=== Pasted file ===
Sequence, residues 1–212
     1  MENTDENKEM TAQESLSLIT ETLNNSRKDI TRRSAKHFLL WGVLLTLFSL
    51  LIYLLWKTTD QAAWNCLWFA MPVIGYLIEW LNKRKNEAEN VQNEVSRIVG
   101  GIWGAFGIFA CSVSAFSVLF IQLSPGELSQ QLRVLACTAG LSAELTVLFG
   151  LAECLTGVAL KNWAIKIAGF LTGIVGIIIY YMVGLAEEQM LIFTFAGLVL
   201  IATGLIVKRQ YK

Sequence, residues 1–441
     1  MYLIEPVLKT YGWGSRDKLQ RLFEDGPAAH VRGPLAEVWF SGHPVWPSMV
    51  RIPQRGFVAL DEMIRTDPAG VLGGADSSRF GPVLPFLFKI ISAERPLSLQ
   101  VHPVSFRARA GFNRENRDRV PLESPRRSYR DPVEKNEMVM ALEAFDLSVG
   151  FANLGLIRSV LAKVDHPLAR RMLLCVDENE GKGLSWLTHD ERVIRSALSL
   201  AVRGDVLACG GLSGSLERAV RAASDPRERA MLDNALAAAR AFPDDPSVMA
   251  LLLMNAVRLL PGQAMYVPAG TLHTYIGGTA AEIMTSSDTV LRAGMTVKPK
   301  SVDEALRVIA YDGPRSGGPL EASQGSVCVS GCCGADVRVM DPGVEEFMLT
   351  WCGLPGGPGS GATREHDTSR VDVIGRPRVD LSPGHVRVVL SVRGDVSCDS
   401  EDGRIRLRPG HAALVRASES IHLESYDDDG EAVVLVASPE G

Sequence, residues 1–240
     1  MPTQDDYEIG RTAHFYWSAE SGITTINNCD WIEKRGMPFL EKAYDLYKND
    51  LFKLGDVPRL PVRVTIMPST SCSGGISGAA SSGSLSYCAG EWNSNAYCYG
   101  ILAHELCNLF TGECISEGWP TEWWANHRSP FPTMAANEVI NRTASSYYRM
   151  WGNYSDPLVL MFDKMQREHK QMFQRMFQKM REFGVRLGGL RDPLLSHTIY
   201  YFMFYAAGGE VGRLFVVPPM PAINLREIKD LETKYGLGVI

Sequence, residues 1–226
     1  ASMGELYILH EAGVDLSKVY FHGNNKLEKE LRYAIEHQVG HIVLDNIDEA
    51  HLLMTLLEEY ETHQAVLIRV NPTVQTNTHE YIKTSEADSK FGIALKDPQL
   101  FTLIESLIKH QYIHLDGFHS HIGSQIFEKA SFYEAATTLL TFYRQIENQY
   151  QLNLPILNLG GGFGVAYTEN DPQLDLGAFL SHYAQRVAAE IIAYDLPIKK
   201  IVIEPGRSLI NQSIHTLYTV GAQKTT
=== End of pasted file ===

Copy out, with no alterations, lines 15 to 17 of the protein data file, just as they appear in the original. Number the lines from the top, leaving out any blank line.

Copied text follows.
   351  WCGLPGGPGS GATREHDTSR VDVIGRPRVD LSPGHVRVVL SVRGDVSCDS
   401  EDGRIRLRPG HAALVRASES IHLESYDDDG EAVVLVASPE G

Sequence, residues 1–240